Serious study of Scripture must always play an important role in guiding the development of creationist models. Here, Hebrew terms used in the creation account of animal life are examined to assess their potential as taxonomic terms. It does not appear that God intended to give us a list of taxonomic terms. Instead, the accounts appear to reflect the fact that God created all life in “every corner” of the earth: sea, sky, and land. Life in all these regions is animate and active. God put them under the dominion of people and provided for them. Of all the groups of creatures listed, the birds (עוֹף, ‛ôp) appear to be used most consistently. These winged flying creatures include more than just birds, but also bats and flying insects. Since the creatures in the water and sky were created on a separate day from terrestrial creatures, there may be some discontinuity between these groups that could be useful in developing creationist taxonomies. Further detailed study of Scripture and baramins is necessary before reaching strong conclusions on this matter.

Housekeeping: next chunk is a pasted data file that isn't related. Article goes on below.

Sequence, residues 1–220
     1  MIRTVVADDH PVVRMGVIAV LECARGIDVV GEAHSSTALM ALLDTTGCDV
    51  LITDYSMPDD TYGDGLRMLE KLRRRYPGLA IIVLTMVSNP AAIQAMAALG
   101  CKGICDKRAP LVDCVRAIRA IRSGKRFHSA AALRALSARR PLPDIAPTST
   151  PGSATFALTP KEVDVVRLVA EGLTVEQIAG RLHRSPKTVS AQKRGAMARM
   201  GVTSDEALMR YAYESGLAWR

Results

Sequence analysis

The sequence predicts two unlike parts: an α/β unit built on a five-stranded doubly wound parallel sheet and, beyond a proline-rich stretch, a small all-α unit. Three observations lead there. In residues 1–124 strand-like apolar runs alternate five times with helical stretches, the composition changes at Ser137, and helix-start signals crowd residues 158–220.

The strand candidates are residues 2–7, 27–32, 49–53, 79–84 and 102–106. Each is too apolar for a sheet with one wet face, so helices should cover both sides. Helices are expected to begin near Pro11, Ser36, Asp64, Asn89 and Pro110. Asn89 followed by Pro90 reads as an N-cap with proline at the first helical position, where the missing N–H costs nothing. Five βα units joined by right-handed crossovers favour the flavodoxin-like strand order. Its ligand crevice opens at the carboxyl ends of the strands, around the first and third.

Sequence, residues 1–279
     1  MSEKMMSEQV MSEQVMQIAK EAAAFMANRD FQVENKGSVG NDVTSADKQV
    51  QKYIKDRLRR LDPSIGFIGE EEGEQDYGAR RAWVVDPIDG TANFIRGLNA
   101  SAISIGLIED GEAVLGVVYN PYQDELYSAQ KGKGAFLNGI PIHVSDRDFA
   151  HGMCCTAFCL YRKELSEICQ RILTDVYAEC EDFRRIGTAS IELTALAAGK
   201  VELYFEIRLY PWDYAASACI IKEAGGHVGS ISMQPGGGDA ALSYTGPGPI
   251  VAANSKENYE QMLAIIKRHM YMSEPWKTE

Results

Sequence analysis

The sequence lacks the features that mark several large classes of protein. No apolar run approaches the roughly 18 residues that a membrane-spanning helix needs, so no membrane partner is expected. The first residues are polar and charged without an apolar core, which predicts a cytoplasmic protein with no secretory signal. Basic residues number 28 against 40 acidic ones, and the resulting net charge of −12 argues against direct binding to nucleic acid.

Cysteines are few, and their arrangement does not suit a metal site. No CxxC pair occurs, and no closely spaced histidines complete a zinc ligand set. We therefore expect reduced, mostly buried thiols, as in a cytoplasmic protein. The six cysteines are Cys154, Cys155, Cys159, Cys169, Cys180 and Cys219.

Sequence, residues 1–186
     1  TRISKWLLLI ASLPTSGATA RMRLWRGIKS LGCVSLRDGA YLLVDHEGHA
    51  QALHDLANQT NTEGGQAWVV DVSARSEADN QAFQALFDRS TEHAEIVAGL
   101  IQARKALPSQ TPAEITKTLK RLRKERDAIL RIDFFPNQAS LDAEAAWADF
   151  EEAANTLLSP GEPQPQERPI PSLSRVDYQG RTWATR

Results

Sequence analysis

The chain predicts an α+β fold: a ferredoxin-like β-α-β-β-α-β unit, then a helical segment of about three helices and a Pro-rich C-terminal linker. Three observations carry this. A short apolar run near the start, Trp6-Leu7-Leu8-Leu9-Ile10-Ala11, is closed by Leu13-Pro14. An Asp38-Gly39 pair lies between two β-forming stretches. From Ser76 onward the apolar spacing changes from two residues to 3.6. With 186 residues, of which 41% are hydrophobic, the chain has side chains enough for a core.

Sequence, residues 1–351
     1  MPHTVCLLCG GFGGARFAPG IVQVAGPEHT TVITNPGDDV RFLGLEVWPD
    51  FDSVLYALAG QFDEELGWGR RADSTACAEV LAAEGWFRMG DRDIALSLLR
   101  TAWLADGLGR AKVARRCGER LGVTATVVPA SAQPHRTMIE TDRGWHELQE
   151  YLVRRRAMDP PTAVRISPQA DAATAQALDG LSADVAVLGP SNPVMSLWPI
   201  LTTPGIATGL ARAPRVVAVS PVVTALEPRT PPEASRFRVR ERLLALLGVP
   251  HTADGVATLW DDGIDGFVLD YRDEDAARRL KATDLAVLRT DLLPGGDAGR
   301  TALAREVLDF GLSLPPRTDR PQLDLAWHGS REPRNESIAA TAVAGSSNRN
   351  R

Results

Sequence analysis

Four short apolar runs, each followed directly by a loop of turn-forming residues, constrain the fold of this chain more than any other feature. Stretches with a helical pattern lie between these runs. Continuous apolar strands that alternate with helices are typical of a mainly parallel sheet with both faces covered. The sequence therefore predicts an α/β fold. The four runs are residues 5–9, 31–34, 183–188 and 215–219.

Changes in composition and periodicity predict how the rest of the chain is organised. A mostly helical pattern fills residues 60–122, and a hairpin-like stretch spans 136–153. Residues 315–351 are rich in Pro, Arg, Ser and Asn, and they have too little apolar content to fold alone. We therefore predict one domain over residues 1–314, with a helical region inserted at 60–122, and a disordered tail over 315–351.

Many creationists recognize that serious scholarly study of Scripture is necessary to develop a truly biblical view of biology. The Bible includes the only historical account of origins from an eyewitness perspective. It also records the event of the Flood which resulted in a severe genetic bottleneck affecting life on earth. This information is necessary to build realistic models regarding the origin and development of life on earth.1
The field of baraminology was based on the Genesis account which indicates that God created (Hebrew: בָרָא, bārā’) plants and animals according to their kinds (מִין, mîn). Baraminologists attempt to identify extant creatures which would have descended from a single created kind (baramin). Several baraminology studies have examined Hebrew words relevant to the species studied.2 These have been important, although there is often a limit to the strength of conclusions made from such word studies.
Several detailed studies have examined the biblical view of life.3 Additional papers have explored the meaning of the Hebrew mîn and provide a basis for proper understanding of this term.4 These studies have highlighted the fact that plants are not considered alive in the biblical sense, even though they are described as being created according to their kinds. The latter papers also cautioned against assuming that mîn is a taxonomic term. These insights may prevent unwarranted presumptuous conclusions, particularly when examining the unclean animals listed in Leviticus 11 and Deuteronomy 14….
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